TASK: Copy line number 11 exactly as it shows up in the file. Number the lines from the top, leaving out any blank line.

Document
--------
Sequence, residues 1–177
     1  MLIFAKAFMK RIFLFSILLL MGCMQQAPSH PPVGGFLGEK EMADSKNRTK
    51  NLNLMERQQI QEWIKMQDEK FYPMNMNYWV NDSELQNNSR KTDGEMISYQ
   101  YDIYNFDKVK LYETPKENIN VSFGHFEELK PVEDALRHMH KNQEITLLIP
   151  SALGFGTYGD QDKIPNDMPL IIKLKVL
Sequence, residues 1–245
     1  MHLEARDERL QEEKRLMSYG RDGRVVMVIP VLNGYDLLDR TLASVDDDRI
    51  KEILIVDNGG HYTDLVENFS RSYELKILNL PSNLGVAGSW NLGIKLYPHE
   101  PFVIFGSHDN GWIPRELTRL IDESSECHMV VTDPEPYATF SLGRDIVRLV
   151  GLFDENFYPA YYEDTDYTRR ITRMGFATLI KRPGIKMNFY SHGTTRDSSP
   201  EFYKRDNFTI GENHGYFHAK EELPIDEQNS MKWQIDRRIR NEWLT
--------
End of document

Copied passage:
   201  EFYKRDNFTI GENHGYFHAK EELPIDEQNS MKWQIDRRIR NEWLT